18. Petrosian vs N Grigoriev 1-0131945TbilisiB29 Sicilian, Nimzovich-Rubinstein
19. Petrosian vs A Reshko 1-0391945Leningrad (Russia)C07 French, Tarrasch
20. Petrosian vs Mirtsaev 1-0411945Final I Category TournamentE00 Queen's Pawn Game
21. Petrosian vs Kelendzheridze 1-0191945Training TournamentC17 French, Winawer, Advance
22. Petrosian vs V Korolkov 1-0181945LeningradE10 Queen's Pawn Game
23. Petrosian vs M V Shishov ½-½511945Tbilisi-chE06 Catalan, Closed, 5.Nf3
24. Petrosian vs Kasparian 1-0521946Erevan (Armenia)E69 King's Indian, Fianchetto, Classical Main line
25. Kasparian vs Petrosian 0-1541946ARM-ch mB11 Caro-Kann, Two Knights, 3...Bg4
 page 1 of 77; games 1-25 of 1,925  PGN Download
  REFINE SEARCH:   White wins (1-0) | Black wins (0-1) | Draws (1/2-1/2) | Petrosian wins | Petrosian loses  

Kibitzer's Corner
< Earlier Kibitzing  · PAGE 87 OF 87 ·  Later Kibitzing>
Sep-25-16  EdZelli: Tigran's match with Boris in 1966 still fascinates me even after 50 years it was played. Tigran's depth of understanding of positional play took Nimzo's ideology to new levels. Game 7 of the match with Tigran playing black pieces is my favorite chess game of all times. GM Keene believes game 12 Petrosian vs Spassky, 1966 is one of the greatest games ever played!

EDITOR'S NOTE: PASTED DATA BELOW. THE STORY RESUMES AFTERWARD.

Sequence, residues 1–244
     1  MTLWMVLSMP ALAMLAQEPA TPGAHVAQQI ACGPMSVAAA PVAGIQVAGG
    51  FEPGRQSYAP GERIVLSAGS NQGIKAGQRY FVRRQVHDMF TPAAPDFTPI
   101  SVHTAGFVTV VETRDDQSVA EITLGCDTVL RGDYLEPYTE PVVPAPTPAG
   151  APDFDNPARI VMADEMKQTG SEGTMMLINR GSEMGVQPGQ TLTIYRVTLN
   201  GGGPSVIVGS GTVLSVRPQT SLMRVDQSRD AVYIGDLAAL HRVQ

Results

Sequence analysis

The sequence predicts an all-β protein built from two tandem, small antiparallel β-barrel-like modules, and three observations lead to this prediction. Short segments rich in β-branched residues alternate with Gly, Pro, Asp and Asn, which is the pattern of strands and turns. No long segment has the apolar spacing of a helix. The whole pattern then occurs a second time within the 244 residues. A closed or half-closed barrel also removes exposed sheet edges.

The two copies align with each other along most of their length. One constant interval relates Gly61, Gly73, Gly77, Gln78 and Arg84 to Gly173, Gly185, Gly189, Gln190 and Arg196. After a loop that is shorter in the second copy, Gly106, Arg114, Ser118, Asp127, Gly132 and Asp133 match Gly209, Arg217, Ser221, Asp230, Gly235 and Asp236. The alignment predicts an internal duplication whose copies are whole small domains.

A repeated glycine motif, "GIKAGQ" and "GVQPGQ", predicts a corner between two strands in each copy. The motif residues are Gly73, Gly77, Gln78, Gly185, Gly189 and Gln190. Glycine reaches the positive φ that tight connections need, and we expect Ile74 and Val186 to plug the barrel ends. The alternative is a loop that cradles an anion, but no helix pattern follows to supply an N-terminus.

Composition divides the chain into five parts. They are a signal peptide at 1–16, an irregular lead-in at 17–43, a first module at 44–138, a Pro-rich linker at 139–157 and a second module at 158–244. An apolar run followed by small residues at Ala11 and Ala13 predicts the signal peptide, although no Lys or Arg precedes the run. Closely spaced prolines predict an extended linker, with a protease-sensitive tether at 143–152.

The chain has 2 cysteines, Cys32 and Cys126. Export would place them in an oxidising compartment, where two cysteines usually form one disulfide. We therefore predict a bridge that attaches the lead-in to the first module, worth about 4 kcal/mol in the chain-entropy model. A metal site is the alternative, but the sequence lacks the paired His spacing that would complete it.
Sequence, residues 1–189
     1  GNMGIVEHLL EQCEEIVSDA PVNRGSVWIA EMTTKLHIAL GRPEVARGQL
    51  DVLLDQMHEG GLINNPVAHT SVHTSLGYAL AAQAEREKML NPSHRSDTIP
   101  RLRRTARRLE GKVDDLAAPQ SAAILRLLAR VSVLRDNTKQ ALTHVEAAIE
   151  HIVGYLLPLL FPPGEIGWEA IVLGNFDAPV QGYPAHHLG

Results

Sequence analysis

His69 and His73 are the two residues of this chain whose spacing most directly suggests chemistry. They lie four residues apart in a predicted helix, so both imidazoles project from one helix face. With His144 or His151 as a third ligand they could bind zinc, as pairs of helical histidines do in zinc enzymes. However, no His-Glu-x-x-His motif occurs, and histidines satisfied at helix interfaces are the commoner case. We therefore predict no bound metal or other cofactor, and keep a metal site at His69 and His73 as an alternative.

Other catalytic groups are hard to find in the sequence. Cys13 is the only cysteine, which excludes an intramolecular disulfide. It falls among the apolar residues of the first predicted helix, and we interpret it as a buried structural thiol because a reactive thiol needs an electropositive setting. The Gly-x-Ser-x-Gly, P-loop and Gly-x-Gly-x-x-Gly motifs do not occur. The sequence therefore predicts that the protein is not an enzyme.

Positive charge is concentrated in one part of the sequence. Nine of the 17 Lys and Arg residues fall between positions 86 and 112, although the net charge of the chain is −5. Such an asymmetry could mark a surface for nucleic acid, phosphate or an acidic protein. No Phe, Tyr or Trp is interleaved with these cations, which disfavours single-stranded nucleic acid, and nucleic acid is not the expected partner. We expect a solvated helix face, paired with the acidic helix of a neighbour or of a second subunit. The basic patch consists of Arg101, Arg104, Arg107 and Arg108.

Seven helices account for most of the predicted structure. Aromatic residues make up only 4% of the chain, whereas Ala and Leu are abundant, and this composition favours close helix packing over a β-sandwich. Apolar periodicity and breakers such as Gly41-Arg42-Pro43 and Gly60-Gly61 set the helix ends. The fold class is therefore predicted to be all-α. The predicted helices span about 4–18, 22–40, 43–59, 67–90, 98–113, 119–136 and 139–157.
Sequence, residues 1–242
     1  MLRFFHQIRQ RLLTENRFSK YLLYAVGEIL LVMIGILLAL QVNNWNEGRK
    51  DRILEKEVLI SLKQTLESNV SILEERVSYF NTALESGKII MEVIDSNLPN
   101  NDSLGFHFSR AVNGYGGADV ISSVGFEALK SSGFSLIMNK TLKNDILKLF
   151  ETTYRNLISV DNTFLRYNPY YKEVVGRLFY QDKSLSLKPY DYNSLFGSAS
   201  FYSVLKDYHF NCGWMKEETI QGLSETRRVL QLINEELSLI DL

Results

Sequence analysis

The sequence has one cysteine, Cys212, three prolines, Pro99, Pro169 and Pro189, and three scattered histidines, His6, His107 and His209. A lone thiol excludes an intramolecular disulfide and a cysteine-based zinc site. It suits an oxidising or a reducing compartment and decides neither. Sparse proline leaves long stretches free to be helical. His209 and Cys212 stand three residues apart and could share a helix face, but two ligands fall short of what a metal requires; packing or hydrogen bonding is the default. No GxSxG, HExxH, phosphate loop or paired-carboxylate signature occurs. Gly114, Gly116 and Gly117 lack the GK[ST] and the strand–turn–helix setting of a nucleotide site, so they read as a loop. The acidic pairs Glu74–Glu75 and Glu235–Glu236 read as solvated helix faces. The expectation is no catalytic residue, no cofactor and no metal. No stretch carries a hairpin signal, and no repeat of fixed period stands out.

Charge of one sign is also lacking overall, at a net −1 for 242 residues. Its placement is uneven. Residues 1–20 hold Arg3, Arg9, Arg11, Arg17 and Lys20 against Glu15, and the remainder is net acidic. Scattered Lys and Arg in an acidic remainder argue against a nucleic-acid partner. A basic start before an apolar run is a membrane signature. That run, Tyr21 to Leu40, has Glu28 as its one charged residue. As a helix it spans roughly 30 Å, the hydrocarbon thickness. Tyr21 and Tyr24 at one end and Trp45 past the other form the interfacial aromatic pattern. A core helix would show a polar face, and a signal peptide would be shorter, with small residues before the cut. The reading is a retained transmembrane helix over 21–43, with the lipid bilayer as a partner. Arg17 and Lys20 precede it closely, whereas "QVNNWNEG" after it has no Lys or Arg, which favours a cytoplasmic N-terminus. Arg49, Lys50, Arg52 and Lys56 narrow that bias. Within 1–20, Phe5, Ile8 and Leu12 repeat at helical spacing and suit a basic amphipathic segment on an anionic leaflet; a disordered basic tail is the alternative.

Beating Spassky in 1966 first looked far fetched (or a miracle) before the match was played. After all, Boris had demolished Tal, Geller and Keres earlier. But looking at individual games of the match one can truly understand Boris' and Gary's comments years later that Tigran's tactical and positional play was phenomenal.

Sep-25-16  ewan14: I do not think he demolished Keres
Premium Chessgames Member
  Ron: Well, I learned something new. This is from the Wikipedia article on the chess publication 64:

< In 1968 it was revamped as a weekly magazine by Alexander Roshal and World Champion Tigran Petrosian. Vasily Smyslov was an assistant editor. Petrosian was editor until 1977 when he was fired after his loss to Viktor Korchnoi in a quarter-final Candidates match.>

Premium Chessgames Member
  whiteshark: Quote of the Day

< One must beware of unnecessary excitement. >

-- Petrosian